By taking this route into the pedestrianised heart, I was missing out on the real jewel in Macclesfield's retail crown, the legendary Arrighi Bianchi.  It's a converted mill that houses a huge collection of furniture and homeware, and is quite the destination for the North West's WAGs.  The BF and I visited it about a decade ago, when we were looking for a new sofa; we thought we'd try it out as surely somewhere that expensive would mean good quality.  It turns out that really rich people have terrible taste in sofas.  We couldn't find anything that wasn't gaudy, overpriced or over-decorated.  Everything was over the top and horrific, proving that no matter how much money you have, class is not for hire.  We ended up going to Marks and Spencer's.


It occurred to me that Macclesfield is what Chester thinks it is.  Chester's built a reputation as this historic, elegant city, but look a bit closer and you'll spot the holes in its facade.  Yes, it has the walls and the Cathedral and the Roman ruins, but as a place to live, it's a bit down at heel.  Its reputation turns to dust the minute you wander into the charity and pound shops of Frodsham Street, or you spot the horrific bus exchange, or the mess of down at heel, collapsing buildings along Brook Street.  Macclesfield is rich and elegant and pretty without even trying.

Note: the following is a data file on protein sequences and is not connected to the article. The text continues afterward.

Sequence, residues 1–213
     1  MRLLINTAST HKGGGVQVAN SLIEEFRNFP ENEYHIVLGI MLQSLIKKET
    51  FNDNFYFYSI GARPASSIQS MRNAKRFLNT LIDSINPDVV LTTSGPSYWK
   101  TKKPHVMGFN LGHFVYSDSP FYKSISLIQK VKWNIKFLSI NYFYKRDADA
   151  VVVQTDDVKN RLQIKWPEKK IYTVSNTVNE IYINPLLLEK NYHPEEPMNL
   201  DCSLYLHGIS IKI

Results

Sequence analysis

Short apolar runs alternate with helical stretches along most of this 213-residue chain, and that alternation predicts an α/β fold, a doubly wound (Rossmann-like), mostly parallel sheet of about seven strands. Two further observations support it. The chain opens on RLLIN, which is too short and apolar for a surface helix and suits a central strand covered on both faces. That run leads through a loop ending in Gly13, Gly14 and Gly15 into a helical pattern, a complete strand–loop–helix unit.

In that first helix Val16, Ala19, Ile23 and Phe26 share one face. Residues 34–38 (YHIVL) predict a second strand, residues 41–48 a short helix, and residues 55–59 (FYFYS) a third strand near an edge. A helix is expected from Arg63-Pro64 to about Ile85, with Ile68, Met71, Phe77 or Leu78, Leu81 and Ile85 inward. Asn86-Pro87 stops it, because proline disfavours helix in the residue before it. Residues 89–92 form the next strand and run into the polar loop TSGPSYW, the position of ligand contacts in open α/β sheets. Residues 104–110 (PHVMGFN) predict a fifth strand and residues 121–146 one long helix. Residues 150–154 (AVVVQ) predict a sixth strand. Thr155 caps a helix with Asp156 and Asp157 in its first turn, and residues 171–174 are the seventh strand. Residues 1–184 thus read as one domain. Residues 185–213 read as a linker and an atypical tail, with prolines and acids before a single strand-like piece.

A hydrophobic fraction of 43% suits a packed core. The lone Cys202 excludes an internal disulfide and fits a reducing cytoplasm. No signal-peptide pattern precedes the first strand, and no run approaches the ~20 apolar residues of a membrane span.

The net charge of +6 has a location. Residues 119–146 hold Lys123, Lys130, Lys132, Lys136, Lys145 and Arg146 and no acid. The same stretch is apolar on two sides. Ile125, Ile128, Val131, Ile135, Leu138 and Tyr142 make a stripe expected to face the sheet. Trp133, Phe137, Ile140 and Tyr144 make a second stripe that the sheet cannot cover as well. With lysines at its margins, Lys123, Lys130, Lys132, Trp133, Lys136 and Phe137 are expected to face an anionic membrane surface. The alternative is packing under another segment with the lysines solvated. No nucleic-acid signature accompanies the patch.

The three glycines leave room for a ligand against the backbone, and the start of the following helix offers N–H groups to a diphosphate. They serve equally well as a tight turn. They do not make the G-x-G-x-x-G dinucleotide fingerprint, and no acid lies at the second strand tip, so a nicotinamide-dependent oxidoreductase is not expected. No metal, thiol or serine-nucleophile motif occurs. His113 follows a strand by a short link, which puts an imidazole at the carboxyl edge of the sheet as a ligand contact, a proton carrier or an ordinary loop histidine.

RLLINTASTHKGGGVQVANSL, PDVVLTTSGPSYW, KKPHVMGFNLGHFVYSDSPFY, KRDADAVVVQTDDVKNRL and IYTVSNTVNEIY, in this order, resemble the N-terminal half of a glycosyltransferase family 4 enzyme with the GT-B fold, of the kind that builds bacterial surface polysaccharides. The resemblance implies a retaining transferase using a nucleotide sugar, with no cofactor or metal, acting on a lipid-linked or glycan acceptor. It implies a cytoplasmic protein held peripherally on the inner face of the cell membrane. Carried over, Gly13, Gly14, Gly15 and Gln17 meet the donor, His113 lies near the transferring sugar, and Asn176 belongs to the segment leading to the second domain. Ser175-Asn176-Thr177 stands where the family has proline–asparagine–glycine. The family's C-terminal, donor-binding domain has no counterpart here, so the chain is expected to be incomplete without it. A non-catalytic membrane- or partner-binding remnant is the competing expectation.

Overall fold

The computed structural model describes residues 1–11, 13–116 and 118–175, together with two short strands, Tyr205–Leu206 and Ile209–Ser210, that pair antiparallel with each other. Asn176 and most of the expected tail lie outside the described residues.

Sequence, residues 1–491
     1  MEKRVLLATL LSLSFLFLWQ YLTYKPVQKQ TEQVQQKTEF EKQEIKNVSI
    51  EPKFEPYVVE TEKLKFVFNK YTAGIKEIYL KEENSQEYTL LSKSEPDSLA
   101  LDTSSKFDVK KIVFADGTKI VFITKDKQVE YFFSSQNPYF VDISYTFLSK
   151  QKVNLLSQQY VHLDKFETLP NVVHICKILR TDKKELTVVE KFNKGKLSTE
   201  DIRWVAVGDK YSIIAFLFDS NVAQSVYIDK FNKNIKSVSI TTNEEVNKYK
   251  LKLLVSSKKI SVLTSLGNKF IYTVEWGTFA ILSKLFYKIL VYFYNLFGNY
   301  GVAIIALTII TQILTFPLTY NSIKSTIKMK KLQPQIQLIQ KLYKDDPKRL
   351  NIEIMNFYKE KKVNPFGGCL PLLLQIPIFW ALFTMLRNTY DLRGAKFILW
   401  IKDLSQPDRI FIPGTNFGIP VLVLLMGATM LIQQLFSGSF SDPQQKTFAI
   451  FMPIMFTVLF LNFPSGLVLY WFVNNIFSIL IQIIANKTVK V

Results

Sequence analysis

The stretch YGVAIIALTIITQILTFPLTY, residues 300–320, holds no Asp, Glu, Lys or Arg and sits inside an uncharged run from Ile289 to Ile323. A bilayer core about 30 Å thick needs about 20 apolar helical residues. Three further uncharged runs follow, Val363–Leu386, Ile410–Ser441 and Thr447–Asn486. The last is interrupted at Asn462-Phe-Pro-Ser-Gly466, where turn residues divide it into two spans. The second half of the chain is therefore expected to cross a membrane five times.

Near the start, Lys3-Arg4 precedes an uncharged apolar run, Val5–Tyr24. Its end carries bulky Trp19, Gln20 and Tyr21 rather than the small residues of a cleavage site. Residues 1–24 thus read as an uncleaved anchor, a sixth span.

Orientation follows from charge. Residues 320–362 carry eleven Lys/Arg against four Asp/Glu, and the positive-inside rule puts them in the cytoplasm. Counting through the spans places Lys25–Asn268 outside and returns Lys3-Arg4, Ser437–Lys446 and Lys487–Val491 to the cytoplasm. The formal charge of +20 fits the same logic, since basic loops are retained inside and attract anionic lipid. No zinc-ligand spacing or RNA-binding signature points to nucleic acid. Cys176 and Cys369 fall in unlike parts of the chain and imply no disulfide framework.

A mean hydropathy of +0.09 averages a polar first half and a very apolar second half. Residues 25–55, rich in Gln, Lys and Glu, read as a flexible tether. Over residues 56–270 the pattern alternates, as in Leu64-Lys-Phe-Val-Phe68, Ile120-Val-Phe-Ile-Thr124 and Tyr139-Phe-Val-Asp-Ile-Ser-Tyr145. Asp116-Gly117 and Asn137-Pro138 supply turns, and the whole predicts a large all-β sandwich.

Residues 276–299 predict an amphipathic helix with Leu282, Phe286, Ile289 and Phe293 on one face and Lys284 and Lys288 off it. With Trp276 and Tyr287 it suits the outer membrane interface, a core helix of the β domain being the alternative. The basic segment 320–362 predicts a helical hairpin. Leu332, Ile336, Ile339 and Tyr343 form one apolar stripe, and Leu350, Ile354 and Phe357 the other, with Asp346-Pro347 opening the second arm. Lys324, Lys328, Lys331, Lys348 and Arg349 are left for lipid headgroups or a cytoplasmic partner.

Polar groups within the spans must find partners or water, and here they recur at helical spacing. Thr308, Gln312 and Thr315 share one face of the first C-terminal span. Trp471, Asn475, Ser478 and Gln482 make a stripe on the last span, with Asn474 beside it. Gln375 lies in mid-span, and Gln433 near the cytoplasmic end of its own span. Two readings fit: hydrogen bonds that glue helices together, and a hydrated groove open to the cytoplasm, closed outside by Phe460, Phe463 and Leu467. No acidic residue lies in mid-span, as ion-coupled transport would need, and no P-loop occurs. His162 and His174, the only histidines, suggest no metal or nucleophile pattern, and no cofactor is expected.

I left the town centre, past the moneyed playing fields of the King's School, and into a small estate of old people's flats.  There was a side path, muddy from the rain, that took me down to the River Bollin and the Riverside Park.


It was another park carved out beneath the railway line, but this had a much more organic, much more loose feel than Bathpool Park.  It should have been worse - electricity pylons crackled overhead, and the paths were less tidy - but it all felt like a more pleasant place to be.  The river helped, wide but not deep, trickling over the stones beside me and providing a tinkling soundtrack.  Now and then I'd hear the shimmer of the electric cables on the railway line, a gentle hiss that rose upwards, followed by the bang! of a fast train powering by.  The whoosh of ten carriages slicing through the afternoon, and then the power lines shook themselves still again.